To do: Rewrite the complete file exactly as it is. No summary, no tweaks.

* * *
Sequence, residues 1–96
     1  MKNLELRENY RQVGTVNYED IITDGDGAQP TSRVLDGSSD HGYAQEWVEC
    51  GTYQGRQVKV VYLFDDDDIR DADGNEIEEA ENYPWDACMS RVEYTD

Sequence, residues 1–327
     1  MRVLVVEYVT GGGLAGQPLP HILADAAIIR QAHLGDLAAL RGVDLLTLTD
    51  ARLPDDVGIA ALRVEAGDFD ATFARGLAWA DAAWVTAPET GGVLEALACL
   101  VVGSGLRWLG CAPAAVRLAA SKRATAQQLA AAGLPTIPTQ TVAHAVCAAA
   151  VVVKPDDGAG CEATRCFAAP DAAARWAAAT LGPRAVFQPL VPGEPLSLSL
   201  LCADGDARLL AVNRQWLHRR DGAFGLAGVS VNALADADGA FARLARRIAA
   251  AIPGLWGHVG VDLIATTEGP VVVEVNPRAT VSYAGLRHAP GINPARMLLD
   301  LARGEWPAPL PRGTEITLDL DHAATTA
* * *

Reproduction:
Sequence, residues 1–96
     1  MKNLELRENY RQVGTVNYED IITDGDGAQP TSRVLDGSSD HGYAQEWVEC
    51  GTYQGRQVKV VYLFDDDDIR DADGNEIEEA ENYPWDACMS RVEYTD

Sequence, residues 1–327
     1  MRVLVVEYVT GGGLAGQPLP HILADAAIIR QAHLGDLAAL RGVDLLTLTD
    51  ARLPDDVGIA ALRVEAGDFD ATFARGLAWA DAAWVTAPET GGVLEALACL
   101  VVGSGLRWLG CAPAAVRLAA SKRATAQQLA AAGLPTIPTQ TVAHAVCAAA
   151  VVVKPDDGAG CEATRCFAAP DAAARWAAAT LGPRAVFQPL VPGEPLSLSL
   201  LCADGDARLL AVNRQWLHRR DGAFGLAGVS VNALADADGA FARLARRIAA
   251  AIPGLWGHVG VDLIATTEGP VVVEVNPRAT VSYAGLRHAP GINPARMLLD
   301  LARGEWPAPL PRGTEITLDL DHAATTA